Throughout my own experience, using a cane, I have been on the receiving end of lack of understanding, support, bullying and inequity. Society has done a terrible job of educating and promoting visual impairment. Many people believe that being blind means the absence of ALL vision, which clearly is not the case. I wear makeup, I have “sassy” hair – by choice, I am a wife, a mother, I have friends and an active social life — I am alive, full of life and unstoppable! I plan, organize & execute events & fundraisers. I create unique items made with corks [living near the wine country in Oregon, it was a natural]: picture frames, wine bottle covers, earrings & apparel. I hand paint furniture and create cards and decor that sparkle! I recently completed my first Acting class and LOVED the experience!

Kimberly with her Acting class!
Kimberly with her Acting class!

Even though I have lost most of my vision, I possess a love [and sincere appreciation for life] … we all have “stuff”, adversity that others aren’t necessarily aware of, but the importance is educating others, in an effort to raise awareness in hopes of bringing kindness and acceptance to those suffering!

I hope & pray through science and medical research and advancements, that one day there will be a cure for RP. But until then, I maintain a commitment to helping others understand visual impairment!

“The eyes are useless when the mind is blind!”

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Telling Our Stories…|Empish Thomas

Telling Our Stories featured image description is in the body of the post.

Telling Our Stories…|Empish Thomas

The following article was lightly edited and updated. Our featured Woman On The Move is someone I’ve only met virtually by conference calls, email, and phone. Empish and I serve as Peer Advisors for VisionAware and in this role, we offer advice and helpful tips to those new to sight loss. Empish is a prolific writer, advocate, and mentor. She has also been an invaluable resource to me and a voice for blind and visually impaired people.

My Journey as a Blind Writer and Editor

“From the time I was a small child I have always been intrigued by the written word. From checking out children’s books at my local library to reading the newspaper out loud to my parents. Words have always moved and compelled me.” 

~Empish Thomas

Fast forward to my adult life. With a journalism degree and a disability, I focused my career on writing stories and advocacy for people in my community. I noticed the negative and sometimes incorrect portrayal of the disabled in the news media and became proactive in changing that image. I believe language is powerful and people with disabilities must tell their own story. Hence the Nigerian proverb “Don’t let the lion tell the giraffe’s story.”

So here’s a little bit of my own tale

My journey as a visually impaired writer started about 20 years ago. After finishing my rehabilitation training at the Center for the Visually Impaired (CVI), I volunteered to write and edit their newsletter. Eventually, the volunteer opportunity blossomed into a paid position. In this new role, I provided information and resources to people with disabilities. Simultaneously I worked part-time as an AmeriCorps member providing peer support and advocacy.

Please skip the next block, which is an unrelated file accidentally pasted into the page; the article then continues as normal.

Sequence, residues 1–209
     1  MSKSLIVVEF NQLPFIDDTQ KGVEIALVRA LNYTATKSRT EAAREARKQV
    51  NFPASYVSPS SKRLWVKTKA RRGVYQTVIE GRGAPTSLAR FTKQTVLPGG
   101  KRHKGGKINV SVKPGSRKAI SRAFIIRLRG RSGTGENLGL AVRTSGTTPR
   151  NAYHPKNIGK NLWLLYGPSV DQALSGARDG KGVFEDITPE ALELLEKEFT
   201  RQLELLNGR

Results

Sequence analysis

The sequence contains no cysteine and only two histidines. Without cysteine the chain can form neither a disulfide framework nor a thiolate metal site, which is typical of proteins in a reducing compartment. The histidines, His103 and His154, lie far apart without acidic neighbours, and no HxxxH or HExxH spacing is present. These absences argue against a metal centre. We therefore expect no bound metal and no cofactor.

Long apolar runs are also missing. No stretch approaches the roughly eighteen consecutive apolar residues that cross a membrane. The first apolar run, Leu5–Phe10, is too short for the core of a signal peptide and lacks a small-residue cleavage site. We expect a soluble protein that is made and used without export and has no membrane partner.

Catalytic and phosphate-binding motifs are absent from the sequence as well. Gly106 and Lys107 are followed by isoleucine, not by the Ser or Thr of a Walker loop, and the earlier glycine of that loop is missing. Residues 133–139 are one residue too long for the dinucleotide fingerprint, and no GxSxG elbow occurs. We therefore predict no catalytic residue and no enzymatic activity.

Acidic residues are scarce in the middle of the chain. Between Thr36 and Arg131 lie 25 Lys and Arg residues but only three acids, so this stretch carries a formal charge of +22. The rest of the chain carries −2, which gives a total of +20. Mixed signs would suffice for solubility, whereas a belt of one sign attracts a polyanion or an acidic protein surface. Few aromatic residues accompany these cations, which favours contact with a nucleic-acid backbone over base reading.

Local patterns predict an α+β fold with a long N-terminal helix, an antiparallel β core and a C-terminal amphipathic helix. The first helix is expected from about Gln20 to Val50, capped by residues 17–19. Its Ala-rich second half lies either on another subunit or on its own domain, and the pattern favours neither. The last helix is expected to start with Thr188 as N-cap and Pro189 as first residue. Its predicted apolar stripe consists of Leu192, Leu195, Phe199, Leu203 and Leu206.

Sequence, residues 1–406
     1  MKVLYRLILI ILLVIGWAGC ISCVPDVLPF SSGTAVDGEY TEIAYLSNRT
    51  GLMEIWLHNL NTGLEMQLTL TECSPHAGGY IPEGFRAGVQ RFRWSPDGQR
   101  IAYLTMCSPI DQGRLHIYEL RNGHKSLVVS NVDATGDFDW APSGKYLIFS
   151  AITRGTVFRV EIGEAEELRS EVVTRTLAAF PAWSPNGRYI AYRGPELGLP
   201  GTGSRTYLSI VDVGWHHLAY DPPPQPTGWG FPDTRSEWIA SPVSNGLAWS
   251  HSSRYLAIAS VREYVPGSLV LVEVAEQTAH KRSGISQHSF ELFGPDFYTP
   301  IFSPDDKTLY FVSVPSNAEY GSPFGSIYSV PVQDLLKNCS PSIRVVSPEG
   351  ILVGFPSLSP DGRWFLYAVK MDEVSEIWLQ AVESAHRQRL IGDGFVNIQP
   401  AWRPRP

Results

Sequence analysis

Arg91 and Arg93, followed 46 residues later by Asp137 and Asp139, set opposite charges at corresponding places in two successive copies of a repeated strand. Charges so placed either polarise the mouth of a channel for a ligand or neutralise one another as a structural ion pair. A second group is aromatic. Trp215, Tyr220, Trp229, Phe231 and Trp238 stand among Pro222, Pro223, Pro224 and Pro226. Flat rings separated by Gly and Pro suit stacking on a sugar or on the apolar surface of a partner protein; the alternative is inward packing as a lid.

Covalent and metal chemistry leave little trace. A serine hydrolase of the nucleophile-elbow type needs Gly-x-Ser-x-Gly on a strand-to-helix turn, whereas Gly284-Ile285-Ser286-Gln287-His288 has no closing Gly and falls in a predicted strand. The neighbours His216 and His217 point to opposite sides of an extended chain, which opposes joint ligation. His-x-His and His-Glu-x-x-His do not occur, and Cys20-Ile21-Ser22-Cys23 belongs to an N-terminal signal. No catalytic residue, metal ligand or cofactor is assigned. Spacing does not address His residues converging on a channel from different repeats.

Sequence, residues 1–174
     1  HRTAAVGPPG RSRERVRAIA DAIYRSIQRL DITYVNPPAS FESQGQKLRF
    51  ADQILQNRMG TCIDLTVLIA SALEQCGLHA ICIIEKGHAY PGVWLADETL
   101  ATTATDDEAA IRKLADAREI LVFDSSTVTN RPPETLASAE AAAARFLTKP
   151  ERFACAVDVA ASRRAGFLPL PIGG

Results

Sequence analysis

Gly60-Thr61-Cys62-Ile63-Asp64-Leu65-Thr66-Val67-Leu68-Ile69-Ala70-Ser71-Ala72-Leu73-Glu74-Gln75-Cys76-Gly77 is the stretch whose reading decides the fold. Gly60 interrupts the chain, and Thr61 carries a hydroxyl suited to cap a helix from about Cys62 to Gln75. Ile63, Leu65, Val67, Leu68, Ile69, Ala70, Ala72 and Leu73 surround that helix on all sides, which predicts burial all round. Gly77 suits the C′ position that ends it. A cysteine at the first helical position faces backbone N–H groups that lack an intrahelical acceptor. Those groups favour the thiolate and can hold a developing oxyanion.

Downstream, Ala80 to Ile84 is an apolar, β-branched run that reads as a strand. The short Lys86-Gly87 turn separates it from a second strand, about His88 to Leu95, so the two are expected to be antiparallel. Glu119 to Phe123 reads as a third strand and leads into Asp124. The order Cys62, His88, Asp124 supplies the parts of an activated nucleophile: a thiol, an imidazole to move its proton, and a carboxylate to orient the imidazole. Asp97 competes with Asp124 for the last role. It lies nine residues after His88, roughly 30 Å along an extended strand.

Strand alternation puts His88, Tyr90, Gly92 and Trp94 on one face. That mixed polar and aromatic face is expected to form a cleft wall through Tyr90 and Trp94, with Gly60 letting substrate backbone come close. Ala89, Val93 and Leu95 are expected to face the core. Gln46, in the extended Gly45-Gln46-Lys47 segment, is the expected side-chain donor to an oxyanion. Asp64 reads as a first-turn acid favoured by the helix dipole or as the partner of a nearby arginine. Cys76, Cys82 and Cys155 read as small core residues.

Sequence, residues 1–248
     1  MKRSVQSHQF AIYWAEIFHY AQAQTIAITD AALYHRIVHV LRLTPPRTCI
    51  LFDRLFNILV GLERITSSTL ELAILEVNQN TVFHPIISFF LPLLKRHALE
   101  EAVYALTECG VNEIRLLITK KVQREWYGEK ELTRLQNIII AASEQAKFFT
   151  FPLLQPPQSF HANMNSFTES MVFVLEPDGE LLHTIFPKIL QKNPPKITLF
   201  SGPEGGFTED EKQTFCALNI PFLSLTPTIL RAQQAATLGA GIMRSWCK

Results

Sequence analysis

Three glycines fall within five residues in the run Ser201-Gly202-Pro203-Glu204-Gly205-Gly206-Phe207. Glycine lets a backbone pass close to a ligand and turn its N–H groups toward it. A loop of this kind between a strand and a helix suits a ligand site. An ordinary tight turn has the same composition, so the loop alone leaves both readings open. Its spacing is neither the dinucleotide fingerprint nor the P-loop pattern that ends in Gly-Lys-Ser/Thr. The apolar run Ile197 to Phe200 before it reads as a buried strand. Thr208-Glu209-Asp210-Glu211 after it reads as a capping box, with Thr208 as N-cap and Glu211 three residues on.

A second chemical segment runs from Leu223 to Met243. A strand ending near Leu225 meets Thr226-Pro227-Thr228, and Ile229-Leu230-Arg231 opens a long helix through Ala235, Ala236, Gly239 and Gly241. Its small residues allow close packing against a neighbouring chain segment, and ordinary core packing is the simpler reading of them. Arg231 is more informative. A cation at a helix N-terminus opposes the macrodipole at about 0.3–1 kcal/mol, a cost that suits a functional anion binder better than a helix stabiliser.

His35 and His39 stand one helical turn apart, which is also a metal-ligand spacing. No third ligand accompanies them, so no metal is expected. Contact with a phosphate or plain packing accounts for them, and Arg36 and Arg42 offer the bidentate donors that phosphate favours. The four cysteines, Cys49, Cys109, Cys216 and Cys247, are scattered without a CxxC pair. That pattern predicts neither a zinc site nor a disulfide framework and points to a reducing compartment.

Later, I launched my freelance writing career with an emphasis on the disabled and landed a column in Dialogue Magazine. I wrote career profiles on people who are visually impaired as a direct result of my passion and journalism experience. In each issue, I profiled people successfully working in a variety of career fields from education, government, science, self-employment, arts, and entertainment.

In addition to my column, I worked at CVI as their Public Education Manager. I conducted facility tours, managed exhibit booths at community/resource fairs, and posted InfoLink, our community bulletin board. I’m also a public speaker for United Way and manage our speaker’s bureau. Recently, I entered the blogosphere by managing CVI’s website blog called Sightseeing. This was an exciting undertaking for me as I:

  • blogged about issues that impacted the blind community,
  • solicited guest bloggers,
  • researched story ideas and
  • planned the editorial calendar.

Volunteering within the blind community

And if all of this was not enough I volunteer in the blind community as well! I am a peer advisor and blogger for VisionAware. On this site, I lend my professional and personal experience to people experiencing vision loss. I’ve volunteered with the American Foundation for the Blind’s Career Connect. Here I interacted via e-mail with others interested in pursuing a journalism career.

Previously, I was a volunteer producer for a monthly hour radio show for the blind called “Eye on Blindness.” The show was sponsored by the Georgia area Radio Reading Service (GaRRS). It was an interview-style program which featured special guests who provided information on a variety of topics such as travel, employment, health, and politics.

I am proud that I’ve been able to take my education, disability, work, and life experiences, and combined them. Not only do I have a rewarding and meaningful life but a fantastic career that I absolutely love!

Connecting With Empish:

Telling Our Stories Featured Image Description:

Empish Thomas is seated at CVI Exhibit Table at Coca-Cola’s Disability and Diversity Awareness Fair.